A bondholder on Tuesday filed a class action lawsuit charging the New Jersey Turnpike Authority with securities fraud and negligent misrepresentation for calling $416 million of 7.20% bonds due in 2018.

The lawsuit, which seeks compensatory damages of about $17 million, was filed in the U.S. District Court in Newark by Herbert Geist, a turnpike authority bondholder who claims the authority should have paid him a 3% premium when it called $25,000 of his bonds on Dec. 6 last year.

Mr. Geist, reached yesterday at his home in West New York, N.J., confirmed he was involved in the lawsuit. He declined to answer further questions, referring them to his counsel, the Tucson, Artz., firm of Zlotnick & Thomas.

The turnpike bonds in question were issued in 1985 as part of the authority's record-breaking $2 billion plan to widen 40 miles of the New Jersey Turnpike. The 7.20s, actively traded dollar bonds, were known as bellwethers of the municipal market.

Some of the widening projects became mired in environmental concerns, and the authority has abandoned plans for roughly 30% of them, according to Gordon Hector, a spokesman for the authority.

That, according to David B. Zlotnick, a partner in the law firm bearing his name, is how the authority justified redeeming the $416 million of 7.20% bonds early.

"There were some environmental concerns that derailed one aspect of the program, and that's the basis on which the authority is justifying the call of the bonds," Mr. Zlotnick said. He added that the authority "wrongfully" called the bonds "in order to save some money in interest."

Under the terms of a 1984 indenture, the turnpike authority could have called the 7.20s at 103 cents on the dollar Jan. 1, 1993.

"We think that that's what [the authority] should have done," Mr. Zlotnick said. "That was their right. That was the bargain that the investors made."

The bonds, however, were called at par plus accrued interest in December 1991, with the authority citing an indenture provision allowing an extraordinary call in the event that work on the widening had stopped.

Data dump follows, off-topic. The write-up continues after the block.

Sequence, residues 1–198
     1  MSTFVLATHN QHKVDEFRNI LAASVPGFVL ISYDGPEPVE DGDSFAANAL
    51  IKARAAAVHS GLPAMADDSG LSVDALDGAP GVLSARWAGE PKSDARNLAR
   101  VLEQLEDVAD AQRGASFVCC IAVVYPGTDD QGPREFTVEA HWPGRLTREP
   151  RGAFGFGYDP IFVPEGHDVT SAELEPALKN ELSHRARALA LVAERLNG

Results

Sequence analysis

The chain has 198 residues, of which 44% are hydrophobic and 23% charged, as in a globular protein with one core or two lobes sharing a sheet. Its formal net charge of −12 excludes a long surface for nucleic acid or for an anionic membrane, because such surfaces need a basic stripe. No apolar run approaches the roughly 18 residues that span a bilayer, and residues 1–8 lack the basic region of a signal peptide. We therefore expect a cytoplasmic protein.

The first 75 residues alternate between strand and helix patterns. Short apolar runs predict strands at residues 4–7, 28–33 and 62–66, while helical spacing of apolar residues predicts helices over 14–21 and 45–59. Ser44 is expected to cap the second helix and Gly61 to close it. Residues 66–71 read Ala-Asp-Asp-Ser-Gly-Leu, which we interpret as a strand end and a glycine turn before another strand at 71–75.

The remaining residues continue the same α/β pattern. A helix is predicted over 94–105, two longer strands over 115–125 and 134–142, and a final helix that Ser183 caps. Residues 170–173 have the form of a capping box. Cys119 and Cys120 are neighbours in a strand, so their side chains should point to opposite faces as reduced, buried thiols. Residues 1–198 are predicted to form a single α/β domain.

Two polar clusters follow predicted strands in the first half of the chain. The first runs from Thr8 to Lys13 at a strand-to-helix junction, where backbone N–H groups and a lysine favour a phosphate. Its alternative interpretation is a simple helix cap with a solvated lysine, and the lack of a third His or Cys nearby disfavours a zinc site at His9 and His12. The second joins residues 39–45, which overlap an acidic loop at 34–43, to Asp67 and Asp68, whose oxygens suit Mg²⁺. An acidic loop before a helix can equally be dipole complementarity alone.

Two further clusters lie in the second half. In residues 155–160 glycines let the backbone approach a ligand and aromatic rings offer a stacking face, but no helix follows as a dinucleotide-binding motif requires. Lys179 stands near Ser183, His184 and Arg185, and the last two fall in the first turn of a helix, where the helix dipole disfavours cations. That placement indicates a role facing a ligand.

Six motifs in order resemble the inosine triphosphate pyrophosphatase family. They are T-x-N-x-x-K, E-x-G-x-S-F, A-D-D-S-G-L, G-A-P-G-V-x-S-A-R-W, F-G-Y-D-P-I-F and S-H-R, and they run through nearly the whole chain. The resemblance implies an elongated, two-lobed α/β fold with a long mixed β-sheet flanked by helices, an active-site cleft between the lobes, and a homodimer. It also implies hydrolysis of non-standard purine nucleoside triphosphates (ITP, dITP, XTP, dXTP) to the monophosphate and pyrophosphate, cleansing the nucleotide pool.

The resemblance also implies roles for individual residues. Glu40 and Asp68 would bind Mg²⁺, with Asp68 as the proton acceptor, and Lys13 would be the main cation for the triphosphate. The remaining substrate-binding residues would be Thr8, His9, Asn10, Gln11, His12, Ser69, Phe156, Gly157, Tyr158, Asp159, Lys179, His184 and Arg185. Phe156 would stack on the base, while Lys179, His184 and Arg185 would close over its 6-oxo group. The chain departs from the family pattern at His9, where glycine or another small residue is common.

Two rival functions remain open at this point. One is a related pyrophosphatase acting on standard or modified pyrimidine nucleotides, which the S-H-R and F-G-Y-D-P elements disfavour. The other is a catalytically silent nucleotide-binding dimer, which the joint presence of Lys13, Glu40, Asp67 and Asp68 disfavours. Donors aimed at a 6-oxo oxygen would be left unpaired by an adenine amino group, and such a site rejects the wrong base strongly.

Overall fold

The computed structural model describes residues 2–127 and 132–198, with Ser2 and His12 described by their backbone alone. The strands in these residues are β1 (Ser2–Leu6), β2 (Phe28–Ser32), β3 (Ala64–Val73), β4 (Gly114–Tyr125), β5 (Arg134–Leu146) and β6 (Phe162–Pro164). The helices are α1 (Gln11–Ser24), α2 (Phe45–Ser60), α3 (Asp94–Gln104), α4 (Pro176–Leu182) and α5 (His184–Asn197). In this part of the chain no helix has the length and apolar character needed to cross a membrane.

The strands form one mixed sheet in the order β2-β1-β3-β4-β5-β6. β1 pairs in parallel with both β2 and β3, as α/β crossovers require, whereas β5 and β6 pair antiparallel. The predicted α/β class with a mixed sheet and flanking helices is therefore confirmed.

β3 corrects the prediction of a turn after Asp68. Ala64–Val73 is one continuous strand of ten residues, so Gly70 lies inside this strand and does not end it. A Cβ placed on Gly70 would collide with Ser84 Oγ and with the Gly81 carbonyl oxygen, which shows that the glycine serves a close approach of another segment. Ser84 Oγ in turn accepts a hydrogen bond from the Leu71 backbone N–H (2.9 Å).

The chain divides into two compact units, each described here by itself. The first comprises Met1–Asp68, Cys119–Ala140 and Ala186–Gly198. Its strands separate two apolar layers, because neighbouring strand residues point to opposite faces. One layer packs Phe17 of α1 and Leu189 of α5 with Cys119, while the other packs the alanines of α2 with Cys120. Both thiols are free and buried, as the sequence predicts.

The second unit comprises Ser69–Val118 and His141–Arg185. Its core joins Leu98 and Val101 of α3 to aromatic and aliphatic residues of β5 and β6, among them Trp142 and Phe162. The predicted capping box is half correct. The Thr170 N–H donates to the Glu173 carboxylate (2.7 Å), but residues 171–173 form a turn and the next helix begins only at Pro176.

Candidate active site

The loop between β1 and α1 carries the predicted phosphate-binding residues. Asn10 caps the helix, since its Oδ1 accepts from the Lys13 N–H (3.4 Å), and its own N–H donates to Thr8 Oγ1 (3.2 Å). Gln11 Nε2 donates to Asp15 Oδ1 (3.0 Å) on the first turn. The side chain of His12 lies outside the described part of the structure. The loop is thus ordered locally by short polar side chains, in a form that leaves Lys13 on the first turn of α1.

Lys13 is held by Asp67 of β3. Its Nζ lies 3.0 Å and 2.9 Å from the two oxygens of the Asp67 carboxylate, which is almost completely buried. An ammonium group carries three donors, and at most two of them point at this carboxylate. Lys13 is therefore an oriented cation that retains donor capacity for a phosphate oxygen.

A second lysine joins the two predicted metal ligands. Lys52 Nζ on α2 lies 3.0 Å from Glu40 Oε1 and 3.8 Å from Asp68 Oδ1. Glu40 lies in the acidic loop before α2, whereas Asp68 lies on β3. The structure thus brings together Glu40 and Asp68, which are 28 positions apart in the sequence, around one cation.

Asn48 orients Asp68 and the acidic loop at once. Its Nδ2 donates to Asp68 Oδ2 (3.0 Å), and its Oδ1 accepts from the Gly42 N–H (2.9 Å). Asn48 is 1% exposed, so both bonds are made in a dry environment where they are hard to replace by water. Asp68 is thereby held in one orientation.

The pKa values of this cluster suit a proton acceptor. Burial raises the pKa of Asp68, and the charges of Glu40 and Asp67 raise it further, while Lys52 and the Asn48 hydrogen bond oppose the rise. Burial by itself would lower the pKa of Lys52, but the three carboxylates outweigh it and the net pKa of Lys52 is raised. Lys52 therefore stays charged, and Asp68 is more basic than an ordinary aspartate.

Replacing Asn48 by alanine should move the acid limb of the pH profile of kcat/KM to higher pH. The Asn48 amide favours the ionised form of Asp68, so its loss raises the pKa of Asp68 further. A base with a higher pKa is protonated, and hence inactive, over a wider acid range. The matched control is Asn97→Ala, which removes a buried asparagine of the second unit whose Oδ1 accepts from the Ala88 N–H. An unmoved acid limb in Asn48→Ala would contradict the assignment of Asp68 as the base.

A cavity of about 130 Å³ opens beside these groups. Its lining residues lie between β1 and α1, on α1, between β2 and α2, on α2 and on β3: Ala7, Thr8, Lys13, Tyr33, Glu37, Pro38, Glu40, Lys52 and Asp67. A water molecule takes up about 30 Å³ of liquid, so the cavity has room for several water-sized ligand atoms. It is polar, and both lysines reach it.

But according to Mr. Geist and his lawyers, just because some of the widening plans were derailed the authority does not have license to exercise the extraordinary call provision. The lawsuit charges that the authority is proceeding with a "modified" widening program that will ultimately cost more than $416 million, and that it "nonetheless" redeemed the bonds "based on the artifice and ruse that those funds would not be needed."

By refinancing its debt to take advantage of falling interest rates, the authority robbed Mr. Geist and other bondholders of "the benefit of their bargain and engaged in a scheme and artifice to defraud," the suit alleges.

an authority legal official, in turn, charged that the lawsuit had already run afoul of state regulations governing litigation against public bodies.

Mr. Zlotnick said he was not worried about the alleged violation of state requirements, which he said came under a state tort claims act and a contractual liability act.

"We don't believe that that's applicable here," said Mr. Zlotnick. "There were particular provisions in the turnpike authority act and in the turnpike authority resolutions that protect the bondholders rights to pursue legal redress without going through the requirements."

Herbert Olarsh, secretary and director of law at the turnpike authority, said, "We have not seen the lawsuit, we have had no notice of any lawsuit, as is required by the laws of the state of New Jersey." State statute, he said, requires the serving of "notice of intention to sue."

Mr. Zlotnick said his firm had successfully litigated in two similar cases involving corporate bonds, including a 1989 case involving Mr. Geist and the debt of the Arizona Public Service Co. in which bondholders received compensatory damages of $7 million.

In the other lawsuit, the U.S. District Court in Jackson, Miss., ruled in 1991 that bonds issued by Middle South Energy had been wrongfully called, Mr. Zlotnick said.

Mr. Zlotnick said that in his first foray into the municipal securities arena, he also expects success.

"We looked at the business plan that the authority has adopted," he said, "as well as certain minutes of the authority and other records that were available. We came to a judgment that there was a valid claim that th bonds were wrongfully redeemed."

John L. Kraft, an attorney with the Newark law firm of Kraft & McManimon who served as bond counsel on the 1985 issue, said that "the extraordinary mandatory call applies when you can't or don't use the bond proceeds for intended purposes. Since you can't utilize the money for construction purposes, you have to use the money to call bonds, otherwise you run afoul of arbitrage concerns." He cautioned that he had not read the lawsuit and had not considered the turnpike authority's indentures since the mid-1980s.

He added that part of the authority's motivation might have been "negative arbitrage," which occurs when invested proceeds earn less than interest costs of the borrowed capital, could have also been part of the motivation for the mandatory call.

Attorneys at the authority's current bond counsel, the Philadelphia-based Morgan, Lewis & Blocklus, declined to comment, a spokeswoman for the law firm said.

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